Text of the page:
Life as a House

Life as a House uses the not so subtle example of rebuilding a house to represent a man rebuilding his life. The old house is ugly, worn down, dilapidated, falling apart, and an eyesore. As people work on the house, they tear down all the ugliness, give it a new, strong, foundation, and replace it with something beautiful. For anybody unclear of the concept at the beginning of the movie, it is crystal clear at the conclusion. Life as a House is one of those movies designed to turn on the waterworks of the audience. In doing so, it tries too hard by straining too far and trying to bring in too many elements, lessening the strength of the basic story. George (Kevin Kline, Orange County, The Anniversary Party) discovers he has a short amount of time to live. He wants to reconcile with his divorced wife, get to know his rebellious teenage son, and rebuild the house he and his wife used to live in. He wants to set his life straight before he dies.

His son Sam (Hayden Christensen, The Virgin Suicides, Freefall) is in the full throes of teen angst. He listens to heavy metal and gothic music, dresses in black, wears makeup, does drugs, and is pondering selling his body for money. Sam does not listen to George or his mother Robin (Kristin Scott Thomas, Gosford Park, Up at the Villa), and detests the fact that George wants him for the summer. Robin does not believe that George is finally going to rebuild the house, since this has been one of his untouched goals for years. Her husband Peter Jamey Sheridan (The Simian Line, The Amati Girls) is a workaholic who is ignoring her and their kids. George does not tell anybody he has cancer, and sets off trying to bond with his son. Robin thinks he is going through a mid-life crisis, primarily due to the loss of his job. Meanwhile, Coleen (Mary Steenburgen, The Trumpet of the Swan, Wish You Were Dead) and her daughter Alyssa (Jena Malone, Donnie Darko, For Love of the Game) live next door. Both may or may not have a thing for George, and Alyssa is definitely interested in Sam.

There is a predetermined path that director Irwin Winkler (At First Sight, The Net) and screenwriter Mark Andrus (As Good As It Gets, Late for Dinner) must take. Sam, who is bordering on killing his father, must slowly give in and love his father. Sooner or later, everybody needs to realize how important George is in their lives. Robin needs to come to the conclusion that her new marriage isn't working. George's renewal mirrors the progress of construction on the house. Balancing the emotional with the cheesy is where Winkler runs into a problem. In his desire to develop each character, he gives each person their own little substory. Then, each story must come together in the end with the main one in order to make the end more meaningful. It does not work, because Andrus is trying too hard. Stories involving dogs, litigious and/or annoying neighbors, ex-boyfriends, horny housewives, friendly policemen, and male prostitutes prove too distracting. The fact that everything comes together so seamlessly cheapens the core story. It all seems too fake; too glossy.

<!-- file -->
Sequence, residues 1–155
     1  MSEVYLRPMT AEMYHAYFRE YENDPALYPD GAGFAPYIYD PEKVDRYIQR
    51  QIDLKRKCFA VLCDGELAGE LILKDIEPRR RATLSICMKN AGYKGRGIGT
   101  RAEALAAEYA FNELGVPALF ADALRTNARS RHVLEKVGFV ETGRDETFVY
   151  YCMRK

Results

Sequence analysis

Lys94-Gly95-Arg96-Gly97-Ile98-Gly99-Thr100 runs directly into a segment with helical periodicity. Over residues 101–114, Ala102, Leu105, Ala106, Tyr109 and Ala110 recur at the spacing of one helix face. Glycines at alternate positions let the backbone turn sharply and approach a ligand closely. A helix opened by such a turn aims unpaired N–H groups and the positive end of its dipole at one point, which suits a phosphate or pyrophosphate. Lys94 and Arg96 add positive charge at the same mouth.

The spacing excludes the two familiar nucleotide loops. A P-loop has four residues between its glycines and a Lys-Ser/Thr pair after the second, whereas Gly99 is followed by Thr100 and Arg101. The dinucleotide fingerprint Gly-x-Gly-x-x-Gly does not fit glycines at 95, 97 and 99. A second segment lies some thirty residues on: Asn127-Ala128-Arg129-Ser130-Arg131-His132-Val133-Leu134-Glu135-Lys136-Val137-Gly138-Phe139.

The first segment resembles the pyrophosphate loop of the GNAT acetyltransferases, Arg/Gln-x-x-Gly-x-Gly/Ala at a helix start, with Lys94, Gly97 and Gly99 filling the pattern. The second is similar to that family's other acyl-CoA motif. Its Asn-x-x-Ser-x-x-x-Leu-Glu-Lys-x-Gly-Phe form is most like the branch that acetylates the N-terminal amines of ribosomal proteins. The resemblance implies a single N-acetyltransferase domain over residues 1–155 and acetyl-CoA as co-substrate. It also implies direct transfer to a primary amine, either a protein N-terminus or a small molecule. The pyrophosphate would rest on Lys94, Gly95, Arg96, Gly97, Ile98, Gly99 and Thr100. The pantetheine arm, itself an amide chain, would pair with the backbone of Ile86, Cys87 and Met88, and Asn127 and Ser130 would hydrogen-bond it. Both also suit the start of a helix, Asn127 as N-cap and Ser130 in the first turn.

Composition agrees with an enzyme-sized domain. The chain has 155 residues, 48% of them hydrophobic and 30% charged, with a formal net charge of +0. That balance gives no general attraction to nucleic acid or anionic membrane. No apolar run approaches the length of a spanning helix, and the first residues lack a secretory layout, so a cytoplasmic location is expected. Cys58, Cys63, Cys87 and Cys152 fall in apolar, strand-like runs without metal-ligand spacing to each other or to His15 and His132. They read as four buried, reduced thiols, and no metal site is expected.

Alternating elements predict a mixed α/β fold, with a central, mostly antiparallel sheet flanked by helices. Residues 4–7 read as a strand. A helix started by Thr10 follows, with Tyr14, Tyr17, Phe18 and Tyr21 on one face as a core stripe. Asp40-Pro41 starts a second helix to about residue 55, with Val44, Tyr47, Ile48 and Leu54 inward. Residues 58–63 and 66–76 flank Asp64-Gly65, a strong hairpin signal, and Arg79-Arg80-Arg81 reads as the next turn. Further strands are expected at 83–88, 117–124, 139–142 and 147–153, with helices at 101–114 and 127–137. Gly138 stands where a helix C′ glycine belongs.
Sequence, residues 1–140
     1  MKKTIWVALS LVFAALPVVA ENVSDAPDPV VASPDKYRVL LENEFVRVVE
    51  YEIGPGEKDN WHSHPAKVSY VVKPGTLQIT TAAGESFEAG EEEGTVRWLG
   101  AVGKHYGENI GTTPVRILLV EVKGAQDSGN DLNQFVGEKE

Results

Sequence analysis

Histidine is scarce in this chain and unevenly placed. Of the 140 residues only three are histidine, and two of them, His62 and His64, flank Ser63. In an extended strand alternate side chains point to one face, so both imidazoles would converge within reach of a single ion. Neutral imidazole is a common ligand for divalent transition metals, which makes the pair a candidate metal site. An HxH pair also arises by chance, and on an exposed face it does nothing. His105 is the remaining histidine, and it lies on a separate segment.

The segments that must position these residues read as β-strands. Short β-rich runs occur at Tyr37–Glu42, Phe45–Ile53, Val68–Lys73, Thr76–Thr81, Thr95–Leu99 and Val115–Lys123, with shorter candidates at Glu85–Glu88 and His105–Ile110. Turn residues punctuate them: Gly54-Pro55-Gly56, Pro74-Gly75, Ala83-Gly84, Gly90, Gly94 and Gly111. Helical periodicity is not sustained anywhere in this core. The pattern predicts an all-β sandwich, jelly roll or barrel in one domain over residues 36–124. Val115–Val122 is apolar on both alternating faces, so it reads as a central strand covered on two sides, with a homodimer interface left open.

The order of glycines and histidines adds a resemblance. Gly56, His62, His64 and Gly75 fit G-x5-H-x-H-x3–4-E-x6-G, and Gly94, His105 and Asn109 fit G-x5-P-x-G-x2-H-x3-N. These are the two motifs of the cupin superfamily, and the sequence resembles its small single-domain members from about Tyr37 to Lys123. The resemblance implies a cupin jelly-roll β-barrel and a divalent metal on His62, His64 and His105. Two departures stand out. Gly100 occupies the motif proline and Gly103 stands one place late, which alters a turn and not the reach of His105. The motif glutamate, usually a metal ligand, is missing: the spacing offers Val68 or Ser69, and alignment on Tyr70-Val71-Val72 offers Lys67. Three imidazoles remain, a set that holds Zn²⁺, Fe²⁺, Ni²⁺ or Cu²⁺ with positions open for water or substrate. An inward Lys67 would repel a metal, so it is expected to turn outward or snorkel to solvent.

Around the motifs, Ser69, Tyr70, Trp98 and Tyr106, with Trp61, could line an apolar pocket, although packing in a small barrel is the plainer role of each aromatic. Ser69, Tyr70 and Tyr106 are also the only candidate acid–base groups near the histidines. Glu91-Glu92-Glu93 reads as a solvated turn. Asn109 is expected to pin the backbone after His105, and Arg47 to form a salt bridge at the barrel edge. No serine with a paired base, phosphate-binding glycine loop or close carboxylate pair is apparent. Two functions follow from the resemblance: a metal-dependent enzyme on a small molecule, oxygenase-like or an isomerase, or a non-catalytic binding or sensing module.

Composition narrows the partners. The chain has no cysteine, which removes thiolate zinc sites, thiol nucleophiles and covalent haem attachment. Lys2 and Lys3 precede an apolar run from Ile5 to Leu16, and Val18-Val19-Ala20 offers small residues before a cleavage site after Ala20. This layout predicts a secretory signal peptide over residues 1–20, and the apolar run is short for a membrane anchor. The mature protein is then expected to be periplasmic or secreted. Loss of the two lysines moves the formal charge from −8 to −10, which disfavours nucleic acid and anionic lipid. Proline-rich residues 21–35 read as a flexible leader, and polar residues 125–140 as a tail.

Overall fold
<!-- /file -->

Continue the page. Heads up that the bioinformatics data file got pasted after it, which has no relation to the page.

This should not detract from some of the performances. In particular, Kline does extremely well. His performance is both mental and physical; he loses weight and by the end of the movie looks absolutely horrible. Malone is also intriguing, because it is never quite clear what her actual intentions are. She remains a mystery through most of the movie, especially to Sam. Sheridan, who has nothing to do for most of the movie, gets some depth near the end, otherwise, most everybody else is one-dimensional. Christensen is the actor to watch, since he will be play Anakin Skywalker. Based solely on his performance here, he is nothing special. In fact, his transformation from rebellious teen to loving son is not quite believable. He is swinging too far from one extreme to another. Hopefully the Force will be with him in the future.

Haro Rates It: Not Bad.
2 hours, 24 minutes, Rated R for language, sexuality, and drug use.

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